Tag: literature

RIP Chinua Achebe

Chinua Achebe died today at the age of 82. He was a great writer; probably the most important African writer of the 20th century.

To learn more, please read the Wikipedia Featured Article about Mr. Achebe. It is remarkably well-written.

McCarthy and the Coens

You are hereby ordered to read the conversation between author Cormac McCarthy and filmmakers Joel and Ethan Coen published by Time in 2007, when the Coens made a film adaptation of McCarthy’s novel No Country for Old Men.

My favorite bit is about the scene where Josh Brolin is chased by the dog.

J.C. It was a scary dog. It wasn’t a movie dog.

C.M. It was basically trained to kill people.

J.C. It was basically trained to kill people.

E.C. The trainer had this little neon-orange toy that he would show to the dog, and the dog would start slavering and get unbelievably agitated and would do anything to get the toy. So the dog would be restrained, and Josh, before each take, would show the dog that he had the toy, he’d put it in his pants and jump into the river …

RIP Maurice Sendak

Thanks for helping us be children. (NYT)

RIP Adrienne Rich

Today the US lost a visionary. Here she is reading her poem “What Kind of Times Are These?”

Why I Dislike Jane Austen

When a student asked recently, I mentioned that I find Jane Austen’s writing style to be insipid. My conversational partner asked what this word means and I had trouble defining it. So I looked it up in Merriam-Webster:

  1. lacking taste or savor : tasteless <insipid food>
  2. lacking in qualities that interest, stimulate, or challenge : dull, flat <insipid prose>

The mention of “insipid prose” in the second entry is particularly fitting. I suppose we can’t say that Austen does not challenge the 21st-century reader in the US, but it is precisely the opposite sort of challenge that good writing ought to provide.

As Ludwig Wittgenstein made clear, language carries inherent difficulties due to the abstract nature of each word. Thus we readers are instantly confounded upon our very first encounters with a story’s opening sentences. Obviously authors have poetic license — in fact, must employ creative diction — to vivify a psychologically realistic narration. If Ms. Austen achieves this goal, the banality of her prose is a mere reflection of the banality of the world it depicts.

To wit: On a regular basis, Austen’s characters will speak of a relation visiting a particular house on a regular basis. Rather than communicate this directly, however, the author will write — in a way which adds nothing substantive to our conceptual imagination — in a manner which is deliberately obtuse. “It was not uncommon for our dear Uncle Henry to stay away from Poshcrustyshire Manor for a period of no more than two days at a time.” Consequently we readers finds ourselves spending valuable moments untangling this confounding web of double-negatives to arrive at a simple point of chronology: “Uncle Henry visited the house every two days.” Perhaps Ms. Austen’s contemporaries had nothing better to do with their time, but I most certainly do.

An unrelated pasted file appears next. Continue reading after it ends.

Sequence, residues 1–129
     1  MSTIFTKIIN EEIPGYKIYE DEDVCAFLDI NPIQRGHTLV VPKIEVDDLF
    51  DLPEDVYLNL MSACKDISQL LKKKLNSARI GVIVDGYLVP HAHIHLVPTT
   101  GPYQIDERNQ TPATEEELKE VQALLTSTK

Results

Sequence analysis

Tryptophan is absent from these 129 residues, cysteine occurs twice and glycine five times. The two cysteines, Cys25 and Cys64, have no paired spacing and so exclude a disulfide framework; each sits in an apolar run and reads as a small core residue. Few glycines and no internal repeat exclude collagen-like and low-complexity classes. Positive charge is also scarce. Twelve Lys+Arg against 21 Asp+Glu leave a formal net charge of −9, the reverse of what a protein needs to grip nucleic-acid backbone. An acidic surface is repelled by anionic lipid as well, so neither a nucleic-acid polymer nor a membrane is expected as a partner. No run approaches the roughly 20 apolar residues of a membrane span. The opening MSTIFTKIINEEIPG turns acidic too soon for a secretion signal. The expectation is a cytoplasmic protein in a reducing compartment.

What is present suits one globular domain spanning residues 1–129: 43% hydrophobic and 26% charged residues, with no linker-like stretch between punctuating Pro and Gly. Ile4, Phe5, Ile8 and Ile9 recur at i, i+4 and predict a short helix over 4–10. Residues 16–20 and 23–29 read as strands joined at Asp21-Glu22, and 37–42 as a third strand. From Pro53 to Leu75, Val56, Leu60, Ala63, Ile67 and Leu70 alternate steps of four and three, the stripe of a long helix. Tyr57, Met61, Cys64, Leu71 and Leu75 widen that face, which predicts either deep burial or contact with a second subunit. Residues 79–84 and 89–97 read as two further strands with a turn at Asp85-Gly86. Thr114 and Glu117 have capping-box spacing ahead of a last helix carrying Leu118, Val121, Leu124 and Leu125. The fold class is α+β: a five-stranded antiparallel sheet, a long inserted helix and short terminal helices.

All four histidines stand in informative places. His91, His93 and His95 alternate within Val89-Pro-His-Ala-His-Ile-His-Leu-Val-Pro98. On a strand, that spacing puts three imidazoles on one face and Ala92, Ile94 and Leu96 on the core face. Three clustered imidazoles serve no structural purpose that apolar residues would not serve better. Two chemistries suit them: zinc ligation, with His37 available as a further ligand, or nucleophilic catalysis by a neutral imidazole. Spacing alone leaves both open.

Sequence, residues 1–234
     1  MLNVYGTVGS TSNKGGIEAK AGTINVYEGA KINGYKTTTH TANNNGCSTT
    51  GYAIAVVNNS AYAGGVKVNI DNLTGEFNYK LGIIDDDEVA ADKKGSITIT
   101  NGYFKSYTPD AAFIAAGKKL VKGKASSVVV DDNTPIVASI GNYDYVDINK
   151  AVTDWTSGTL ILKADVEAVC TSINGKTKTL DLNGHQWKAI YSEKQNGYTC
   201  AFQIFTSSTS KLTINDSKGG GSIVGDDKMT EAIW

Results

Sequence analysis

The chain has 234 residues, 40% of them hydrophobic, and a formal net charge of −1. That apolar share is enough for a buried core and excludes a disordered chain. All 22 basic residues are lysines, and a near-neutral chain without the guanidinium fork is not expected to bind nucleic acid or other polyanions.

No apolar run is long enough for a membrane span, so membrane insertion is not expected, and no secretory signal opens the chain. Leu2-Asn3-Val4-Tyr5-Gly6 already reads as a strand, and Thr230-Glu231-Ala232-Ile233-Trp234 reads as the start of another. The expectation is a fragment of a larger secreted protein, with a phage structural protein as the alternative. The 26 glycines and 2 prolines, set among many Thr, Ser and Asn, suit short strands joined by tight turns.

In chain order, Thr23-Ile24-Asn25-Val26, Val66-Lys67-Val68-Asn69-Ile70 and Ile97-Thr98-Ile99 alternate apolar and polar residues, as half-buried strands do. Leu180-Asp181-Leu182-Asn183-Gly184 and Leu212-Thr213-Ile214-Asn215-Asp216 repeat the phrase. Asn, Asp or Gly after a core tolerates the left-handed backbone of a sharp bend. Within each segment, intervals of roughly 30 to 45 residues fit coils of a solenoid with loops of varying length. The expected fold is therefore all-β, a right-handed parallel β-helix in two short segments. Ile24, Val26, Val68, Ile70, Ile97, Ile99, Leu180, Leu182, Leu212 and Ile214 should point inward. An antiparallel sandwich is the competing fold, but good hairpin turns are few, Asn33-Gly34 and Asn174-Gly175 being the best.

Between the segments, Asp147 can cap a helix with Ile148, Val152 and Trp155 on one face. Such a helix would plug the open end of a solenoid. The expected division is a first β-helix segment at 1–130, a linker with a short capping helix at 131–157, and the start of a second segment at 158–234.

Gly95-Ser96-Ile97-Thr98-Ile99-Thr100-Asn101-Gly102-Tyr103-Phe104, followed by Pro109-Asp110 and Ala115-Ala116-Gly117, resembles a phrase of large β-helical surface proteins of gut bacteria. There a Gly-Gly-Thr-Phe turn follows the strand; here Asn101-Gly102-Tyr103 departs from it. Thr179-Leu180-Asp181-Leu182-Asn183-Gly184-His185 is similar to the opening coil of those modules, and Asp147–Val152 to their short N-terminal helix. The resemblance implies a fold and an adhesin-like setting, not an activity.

(I recognize that this may be an inevitable consequence of changing fashions among literary epochs; will it be said in fifty years that my own writing is tedious and cumbersome, because I insist on spelling out words like “you” and “are”, which could easily be replaced by single letters?)

If all of these stylistic headaches operated in the service of an intriguing, important, or engrossing plot — or to narrate the lives of intriguing characters — I would be inclined to complain a great deal less. Balzac’s magnum opus La Cousine Bette, after all, can hardly be accused of having a simplified narrative style. The difference here is that Balzac is ruthlessly efficient with his language, and creates characters cut from the pure stuff of relevant existence.

And perhaps we have now reached the heart of my distaste for Austen’s work: she is writing almost exclusively about the British upper-class. The supposedly dramatic twists and turns of the Bennet family are no doubt thrilling for girls and boys and women and men of similar situation and orientation. But for those of us who have to work full-time in order to make a living; for those of us who are immersed in the global struggles for post-colonial democracy; for those of us who seek to deconstruct and abolish patriarchal hierarchies; for those of us who devote free time to writing letters on behalf of political prisoners being tortured by autocratic regimes; for those of us who seek to resolve unjust power dynamics of economy, government, and society; indeed, for those of us who must wrestle with the minute vagaries of familial embarrassment alongside all of the aforementioned stressors and aggravations. For us, the lives of the Bennet sisters appear simplistic, mediocre, and — above all — insipid.


Check out this excellent attack ad made by FlackCheck, against Abe Lincoln:

Today I’m listening to: Lowkey!